Yet I am hopeful that David Leonhardt is right in his contention that putting an end to corporately-controlled rationed health care marks the beginning of pulling America out of its descent into third-world wealth-gap status, by reversing decades of economic stagnation and wealth redistribution to the rich, and refocusing government to serving the general welfare of all Americans.

And I want to believe that today's Baptists (in particular) who are at the moment so enraged that America once again is ready to serve all her citizens, will in a future cooler moment reflect upon their own faith heritage of championing equal rights for all, and recognize that selfish individualism is a barrier to America's greatness.

Friday, March 12, 2010

Texas Republican David Bradley: God Does Not Exist

Texas conservative and self-proclaimed Christian David Bradley, a Republican on the Texas Board of Education, has decided that God does not exist.

That is, according to Mr. Bradley's own reasoning, God does not exist.

Here's the story:

Bradley and his so-called "Christian" Republicans, who control the Texas Board of Education, have led the TBE to rewrite American history and economics to suit their own personal fantasies.

And what fantasies would that be? That separation of church and state in America never happened, and unfettered free markets are to be worshiped. Bradley and his allies even managed to censure Thomas Jefferson from Texas textbooks because Jefferson dared talk about separation of church and state.

That these so-called Christians would want to remove Jefferson and Baptists - the greatest champions of separation of church and state in colonial America - out of American history is rather strange. If not for Baptists of the 17th and 18th centuries, Bradley and his allies would quite likely be living in a nation in which the government mandated their religious beliefs. Yet bizarre as it seems, that is just their point: Bradley and his ilk are theocrats who want government to cater to their personal religious views and impose them on everyone else.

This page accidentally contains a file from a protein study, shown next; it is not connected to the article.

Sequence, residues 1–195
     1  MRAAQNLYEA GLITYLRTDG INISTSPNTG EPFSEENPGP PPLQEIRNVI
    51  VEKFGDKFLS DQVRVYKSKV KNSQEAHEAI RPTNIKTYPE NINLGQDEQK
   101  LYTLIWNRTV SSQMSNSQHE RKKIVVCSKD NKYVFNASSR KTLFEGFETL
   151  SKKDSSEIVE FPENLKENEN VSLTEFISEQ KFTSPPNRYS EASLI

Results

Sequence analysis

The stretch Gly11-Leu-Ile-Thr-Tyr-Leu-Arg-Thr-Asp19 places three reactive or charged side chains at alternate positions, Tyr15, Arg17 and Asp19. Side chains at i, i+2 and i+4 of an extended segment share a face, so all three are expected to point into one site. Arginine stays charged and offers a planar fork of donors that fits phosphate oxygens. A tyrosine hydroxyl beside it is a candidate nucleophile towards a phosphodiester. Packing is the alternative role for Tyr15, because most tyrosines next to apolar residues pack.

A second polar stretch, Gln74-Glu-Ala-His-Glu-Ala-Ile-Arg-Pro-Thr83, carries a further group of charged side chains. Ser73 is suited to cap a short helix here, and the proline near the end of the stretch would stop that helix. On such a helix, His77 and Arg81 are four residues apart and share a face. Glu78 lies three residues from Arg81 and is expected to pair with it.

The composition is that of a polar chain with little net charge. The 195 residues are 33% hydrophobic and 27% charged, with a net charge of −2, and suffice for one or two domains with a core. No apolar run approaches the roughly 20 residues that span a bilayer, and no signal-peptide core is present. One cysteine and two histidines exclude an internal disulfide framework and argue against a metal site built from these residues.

Not surprisingly, historians and other observers are outraged that Bradley and his allies have emasculated American history in order to serve their own personal interests.

And what does Mr. Bradley have to say to those who object to his fantasies-in-action? “I reject the notion by the left of a constitutional separation of church and state,” he declared. “I have $1,000 for the charity of your choice if you can find it in the Constitution.”

Mr. Bradley obviously has never heard of the First Amendment to the United States Constitution, which clearly establishes - thanks to the untiring efforts of our Baptist ancestors (and yes, they were liberals in their day) - the separation of church and state.

Every American who believes in the First Amendment should each claim the $1000 that Bradley offered to anyone who could locate separation of church and state in the Constitution. Beyond that, SOMEONE needs to introduce David Bradley to the U. S. Constitution, a document - his arrogant pronouncements notwithstanding - which is seemingly quite foreign to him.